H. A. Byrd


Our mothers are a part of us. Like it or not, we carry much of who they are inside ourselves. But we are also a part of them. A piece of me that lived within my mother Barbara was lost when she left this world last week.

My pain comes not from losing a happy or kind mother, but from saying goodbye to my beautiful, proud, and hurting mother. There is no healing for the knots of string which will never be untwisted. The fragments of her and my relationship are now carved in stone. I’m thankful, though, that we parted with love in our hearts, a love which has always been.

Mum was fond of mustard and liverwurst, and cashew chicken. Also thin mints, mint chip ice cream, and grasshopper pie. She had quite a sweet tooth actually, but she was smart about nutrition and ever since starting her family in the 1950s she made an effort to serve us healthy food.

My mother enjoyed the symphony, the opera, and theater. She knew something of the history of visual art. She painted a forest scene on the dining room wall of our home. Beautiful and tasteful, it matched the chandelier with tole metal flowers and leaves that hung above the oak dining table she and Daddy had refinished. In the early 1960s she created elegant pottery in her ceramics class. Once when she found herself without a babysitter, Mum brought her three young girls to the studio. She taught us to make snails by rolling a coil of clay and then curling most of it up to form a spiral for the shell. The vase she built that evening, with our lumpy little snails encircling the bottom, sat by the fireplace for fifty or more years.

The ocean. My mother loved to be near it, but not on or in it. She found happiness among tidepools, poking at tiny crabs, pocketing interesting pebbles, and experiencing the sound of the waves. The Oregon coast was dear to her, as childhood memories of visiting the beach cabin of her “Auntie” Una. The mountains called to Mum also, with their geology and breathtaking scenery. She and Daddy hiked and cross-country skied. She was a birdwatcher, and she knew the names of the shrubs and wildflowers. Fond of animals of all kinds, she passed that love on to her children and grandchildren.

With a conviction that there is more to this world than meets the eye, Mum had an interest in transformative systems of thought. She wanted to understand the mystery of existence. Her curiosity about other cultures and their history led her to travel. She went on several elderhostel trips and spent some time in Sweden.

My mother cherished her time with her grandsons when they were young. She loved her family and also the greater community of the world. She cared about the environment. She donated both time and money to assist organizations working towards progressive political and environmental causes. It was her great joy to be here with us long enough to cast her vote in the November election.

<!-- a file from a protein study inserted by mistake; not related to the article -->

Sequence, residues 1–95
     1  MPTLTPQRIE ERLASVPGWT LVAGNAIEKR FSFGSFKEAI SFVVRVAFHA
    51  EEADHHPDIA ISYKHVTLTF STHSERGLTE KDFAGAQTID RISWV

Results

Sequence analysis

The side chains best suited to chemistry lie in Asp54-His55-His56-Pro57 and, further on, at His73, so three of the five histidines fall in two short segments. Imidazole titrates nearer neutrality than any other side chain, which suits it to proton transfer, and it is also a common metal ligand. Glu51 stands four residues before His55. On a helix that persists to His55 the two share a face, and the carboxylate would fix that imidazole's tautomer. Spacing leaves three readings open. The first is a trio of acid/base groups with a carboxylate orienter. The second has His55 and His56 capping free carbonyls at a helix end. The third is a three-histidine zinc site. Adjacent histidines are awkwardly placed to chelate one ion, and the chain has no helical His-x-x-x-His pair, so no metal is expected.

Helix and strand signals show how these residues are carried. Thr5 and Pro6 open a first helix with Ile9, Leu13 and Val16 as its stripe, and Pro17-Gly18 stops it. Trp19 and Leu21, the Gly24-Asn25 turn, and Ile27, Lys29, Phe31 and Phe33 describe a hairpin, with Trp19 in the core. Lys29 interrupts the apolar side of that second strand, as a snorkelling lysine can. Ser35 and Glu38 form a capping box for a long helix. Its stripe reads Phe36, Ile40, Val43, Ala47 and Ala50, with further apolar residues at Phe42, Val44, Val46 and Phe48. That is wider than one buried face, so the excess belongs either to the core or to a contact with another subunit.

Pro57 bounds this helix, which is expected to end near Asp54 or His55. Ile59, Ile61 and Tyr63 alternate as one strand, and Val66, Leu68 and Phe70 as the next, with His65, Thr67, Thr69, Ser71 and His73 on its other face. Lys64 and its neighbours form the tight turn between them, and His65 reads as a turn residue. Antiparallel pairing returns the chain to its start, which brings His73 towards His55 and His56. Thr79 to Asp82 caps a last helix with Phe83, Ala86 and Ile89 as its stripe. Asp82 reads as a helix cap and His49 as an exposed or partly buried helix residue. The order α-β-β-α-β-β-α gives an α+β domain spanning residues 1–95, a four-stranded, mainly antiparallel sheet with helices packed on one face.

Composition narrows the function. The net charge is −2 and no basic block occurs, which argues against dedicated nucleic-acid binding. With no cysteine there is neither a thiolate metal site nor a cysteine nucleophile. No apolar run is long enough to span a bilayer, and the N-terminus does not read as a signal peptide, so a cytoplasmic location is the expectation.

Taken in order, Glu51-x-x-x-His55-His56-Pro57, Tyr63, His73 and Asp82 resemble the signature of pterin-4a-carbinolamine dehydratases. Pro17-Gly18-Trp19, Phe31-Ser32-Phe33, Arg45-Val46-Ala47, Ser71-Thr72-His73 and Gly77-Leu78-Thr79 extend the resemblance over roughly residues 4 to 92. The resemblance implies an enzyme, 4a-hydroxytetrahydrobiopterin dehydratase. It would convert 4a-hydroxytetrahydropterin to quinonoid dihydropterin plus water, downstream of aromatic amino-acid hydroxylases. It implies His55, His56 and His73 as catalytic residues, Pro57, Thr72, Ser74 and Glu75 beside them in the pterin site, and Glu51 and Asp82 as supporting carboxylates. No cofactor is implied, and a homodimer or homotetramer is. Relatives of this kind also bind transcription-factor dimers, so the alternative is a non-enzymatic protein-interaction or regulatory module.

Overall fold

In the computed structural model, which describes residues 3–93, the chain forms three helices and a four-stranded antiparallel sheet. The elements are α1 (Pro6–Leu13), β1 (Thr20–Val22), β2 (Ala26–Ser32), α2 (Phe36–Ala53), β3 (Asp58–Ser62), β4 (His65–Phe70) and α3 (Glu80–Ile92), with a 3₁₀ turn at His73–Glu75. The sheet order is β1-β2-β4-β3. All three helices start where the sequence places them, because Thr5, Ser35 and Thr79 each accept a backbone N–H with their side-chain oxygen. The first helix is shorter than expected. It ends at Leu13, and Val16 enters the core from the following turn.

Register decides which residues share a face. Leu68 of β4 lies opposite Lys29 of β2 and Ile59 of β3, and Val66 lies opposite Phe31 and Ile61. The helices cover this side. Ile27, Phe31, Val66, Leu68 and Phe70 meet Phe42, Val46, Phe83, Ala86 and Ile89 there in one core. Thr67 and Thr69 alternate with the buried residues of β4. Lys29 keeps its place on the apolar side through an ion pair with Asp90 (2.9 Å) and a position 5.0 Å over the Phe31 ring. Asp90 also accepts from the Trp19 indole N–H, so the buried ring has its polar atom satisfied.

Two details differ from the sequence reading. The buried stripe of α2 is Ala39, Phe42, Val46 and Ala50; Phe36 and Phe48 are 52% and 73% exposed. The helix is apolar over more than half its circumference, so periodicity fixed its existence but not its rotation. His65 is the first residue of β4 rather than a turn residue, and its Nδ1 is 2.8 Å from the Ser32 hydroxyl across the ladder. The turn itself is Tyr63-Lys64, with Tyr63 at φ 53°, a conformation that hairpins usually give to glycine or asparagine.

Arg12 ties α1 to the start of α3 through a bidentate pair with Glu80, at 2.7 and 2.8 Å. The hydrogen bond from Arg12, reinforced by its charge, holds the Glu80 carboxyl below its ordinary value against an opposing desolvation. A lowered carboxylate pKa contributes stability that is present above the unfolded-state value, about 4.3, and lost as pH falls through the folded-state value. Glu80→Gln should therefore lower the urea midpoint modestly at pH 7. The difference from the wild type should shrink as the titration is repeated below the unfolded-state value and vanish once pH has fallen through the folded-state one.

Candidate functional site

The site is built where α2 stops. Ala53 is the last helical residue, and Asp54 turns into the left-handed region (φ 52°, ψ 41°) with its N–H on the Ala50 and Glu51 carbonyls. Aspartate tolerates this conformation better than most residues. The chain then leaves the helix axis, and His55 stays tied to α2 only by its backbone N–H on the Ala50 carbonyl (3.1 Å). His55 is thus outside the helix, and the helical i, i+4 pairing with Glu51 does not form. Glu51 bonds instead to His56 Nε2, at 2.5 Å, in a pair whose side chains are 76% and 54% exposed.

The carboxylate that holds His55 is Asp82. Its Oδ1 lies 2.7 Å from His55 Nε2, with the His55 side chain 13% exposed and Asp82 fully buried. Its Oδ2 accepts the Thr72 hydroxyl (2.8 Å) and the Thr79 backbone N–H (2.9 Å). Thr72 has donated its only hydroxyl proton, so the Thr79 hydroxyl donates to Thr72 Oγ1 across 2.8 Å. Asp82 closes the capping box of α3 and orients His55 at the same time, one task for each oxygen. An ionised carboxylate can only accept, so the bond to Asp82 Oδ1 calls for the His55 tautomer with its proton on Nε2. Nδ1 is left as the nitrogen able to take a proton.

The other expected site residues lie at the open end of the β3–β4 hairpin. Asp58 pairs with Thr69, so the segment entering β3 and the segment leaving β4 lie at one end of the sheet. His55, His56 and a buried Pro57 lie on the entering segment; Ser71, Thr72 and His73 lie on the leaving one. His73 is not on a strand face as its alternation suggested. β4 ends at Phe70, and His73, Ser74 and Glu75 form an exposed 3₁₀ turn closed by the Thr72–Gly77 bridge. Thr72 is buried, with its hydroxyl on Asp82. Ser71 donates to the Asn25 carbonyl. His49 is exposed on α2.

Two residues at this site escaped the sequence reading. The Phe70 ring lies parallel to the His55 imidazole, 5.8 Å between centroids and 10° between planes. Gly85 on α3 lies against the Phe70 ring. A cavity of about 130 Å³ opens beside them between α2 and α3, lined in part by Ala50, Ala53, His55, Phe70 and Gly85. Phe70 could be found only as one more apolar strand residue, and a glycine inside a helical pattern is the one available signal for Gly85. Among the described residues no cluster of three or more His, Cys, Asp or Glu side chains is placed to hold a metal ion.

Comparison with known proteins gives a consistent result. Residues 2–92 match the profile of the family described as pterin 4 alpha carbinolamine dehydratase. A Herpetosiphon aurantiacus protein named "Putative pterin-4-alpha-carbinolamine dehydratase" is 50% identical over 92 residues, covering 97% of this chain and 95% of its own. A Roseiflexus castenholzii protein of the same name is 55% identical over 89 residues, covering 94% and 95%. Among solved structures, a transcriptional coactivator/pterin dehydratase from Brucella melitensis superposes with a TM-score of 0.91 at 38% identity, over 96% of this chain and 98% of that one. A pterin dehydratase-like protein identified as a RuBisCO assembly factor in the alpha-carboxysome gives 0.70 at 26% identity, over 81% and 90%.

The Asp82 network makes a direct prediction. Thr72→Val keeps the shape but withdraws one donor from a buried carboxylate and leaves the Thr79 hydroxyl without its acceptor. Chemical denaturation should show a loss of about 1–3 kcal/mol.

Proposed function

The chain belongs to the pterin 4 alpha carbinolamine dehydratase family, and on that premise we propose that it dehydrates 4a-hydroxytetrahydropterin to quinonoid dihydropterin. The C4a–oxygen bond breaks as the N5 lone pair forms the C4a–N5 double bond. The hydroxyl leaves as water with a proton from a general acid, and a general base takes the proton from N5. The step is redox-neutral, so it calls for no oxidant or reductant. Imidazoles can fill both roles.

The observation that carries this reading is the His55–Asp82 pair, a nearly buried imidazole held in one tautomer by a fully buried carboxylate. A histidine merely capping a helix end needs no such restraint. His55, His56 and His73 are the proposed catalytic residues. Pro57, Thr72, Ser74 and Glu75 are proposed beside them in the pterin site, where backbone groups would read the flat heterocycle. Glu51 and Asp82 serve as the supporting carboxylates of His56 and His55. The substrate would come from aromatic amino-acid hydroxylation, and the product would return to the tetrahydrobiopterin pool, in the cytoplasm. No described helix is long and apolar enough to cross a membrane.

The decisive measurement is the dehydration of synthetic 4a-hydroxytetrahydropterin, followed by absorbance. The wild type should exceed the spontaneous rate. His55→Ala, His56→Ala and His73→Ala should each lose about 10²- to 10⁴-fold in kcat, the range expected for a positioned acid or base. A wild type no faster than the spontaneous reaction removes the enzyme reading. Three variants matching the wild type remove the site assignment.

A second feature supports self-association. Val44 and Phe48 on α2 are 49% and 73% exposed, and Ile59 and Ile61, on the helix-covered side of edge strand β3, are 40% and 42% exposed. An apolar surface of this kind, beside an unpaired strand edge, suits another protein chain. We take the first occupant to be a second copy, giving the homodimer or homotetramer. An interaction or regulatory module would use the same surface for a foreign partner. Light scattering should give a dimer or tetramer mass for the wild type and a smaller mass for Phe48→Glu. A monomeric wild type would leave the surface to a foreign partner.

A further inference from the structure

A self-directed woman, my mother was apparently undaunted by gender boundaries of her era. When I was eight and my sisters were entering adolescence, Mum went back to school to get her masters in behavioral psychology. Our garage was full of cages containing rats. Rats ran mazes on our dinner table and pressed levers in a Skinner box. It was okay because all our family liked the rats. Exhausted in the evenings, Mum had me read her textbooks to her. I couldn’t understand a thing, but I could pronounce most of the words well enough that she could figure out what they were. Later we moved from California to Saskatoon, where she taught and did research at the university for a year.

When we all moved with my father to British Columbia, my mother was unhappy with the public schools there. She started the Fraser Valley Alternative School, enrolling the three of us daughters and a few other kids. The downstairs of our historic Victorian house was the campus. We kids developed critical thinking, learning community effort through a holistic educational program. Mum did a fantastic job with this school, which only ran for two years before we moved to the Seattle area. I’m thankful that throughout my life my parents encouraged me in all my artistic projects and in adventures big and small.

My mother had to cope with adversity in her life. She grew up during the Great Depression, the daughter of a principal and a schoolteacher. After college, she met and married my father, who was a good man (and handsome, to boot). Daddy, an electrical engineer, had a heart attack at thirty-five and was transferred to a job in a rural area. This had an enormous impact on the direction of both their lives. But more impactful than these sorts of setbacks, Mum had lost her little sister as a child, and later her own infant son. Both of these losses were devastating. Then, in 1982 my sister died at age twenty-four. Crista’s light meant so much to all our family that none could bear her passing.

Even with the heartbreak sustained by these losses my mother retained her sense of humor and her desire to leave this world a better place than she found it. I hope, wherever and however she exists now, she is able to see that she has done so.

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